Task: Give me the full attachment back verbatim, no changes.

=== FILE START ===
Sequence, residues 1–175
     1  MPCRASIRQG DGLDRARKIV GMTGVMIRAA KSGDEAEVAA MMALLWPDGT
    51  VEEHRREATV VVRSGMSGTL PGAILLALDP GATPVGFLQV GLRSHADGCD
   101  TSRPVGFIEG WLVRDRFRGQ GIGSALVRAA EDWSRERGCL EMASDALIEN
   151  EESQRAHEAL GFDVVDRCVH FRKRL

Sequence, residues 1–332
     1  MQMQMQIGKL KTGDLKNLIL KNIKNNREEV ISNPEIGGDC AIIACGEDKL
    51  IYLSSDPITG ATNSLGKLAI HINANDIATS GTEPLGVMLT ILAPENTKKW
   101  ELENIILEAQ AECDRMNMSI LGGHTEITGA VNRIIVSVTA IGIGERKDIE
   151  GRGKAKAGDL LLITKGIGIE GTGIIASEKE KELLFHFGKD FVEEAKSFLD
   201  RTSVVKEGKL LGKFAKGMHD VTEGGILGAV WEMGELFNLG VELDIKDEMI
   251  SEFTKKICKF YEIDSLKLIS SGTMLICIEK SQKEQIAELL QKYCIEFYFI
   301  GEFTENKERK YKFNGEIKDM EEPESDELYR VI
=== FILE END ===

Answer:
Sequence, residues 1–175
     1  MPCRASIRQG DGLDRARKIV GMTGVMIRAA KSGDEAEVAA MMALLWPDGT
    51  VEEHRREATV VVRSGMSGTL PGAILLALDP GATPVGFLQV GLRSHADGCD
   101  TSRPVGFIEG WLVRDRFRGQ GIGSALVRAA EDWSRERGCL EMASDALIEN
   151  EESQRAHEAL GFDVVDRCVH FRKRL

Sequence, residues 1–332
     1  MQMQMQIGKL KTGDLKNLIL KNIKNNREEV ISNPEIGGDC AIIACGEDKL
    51  IYLSSDPITG ATNSLGKLAI HINANDIATS GTEPLGVMLT ILAPENTKKW
   101  ELENIILEAQ AECDRMNMSI LGGHTEITGA VNRIIVSVTA IGIGERKDIE
   151  GRGKAKAGDL LLITKGIGIE GTGIIASEKE KELLFHFGKD FVEEAKSFLD
   201  RTSVVKEGKL LGKFAKGMHD VTEGGILGAV WEMGELFNLG VELDIKDEMI
   251  SEFTKKICKF YEIDSLKLIS SGTMLICIEK SQKEQIAELL QKYCIEFYFI
   301  GEFTENKERK YKFNGEIKDM EEPESDELYR VI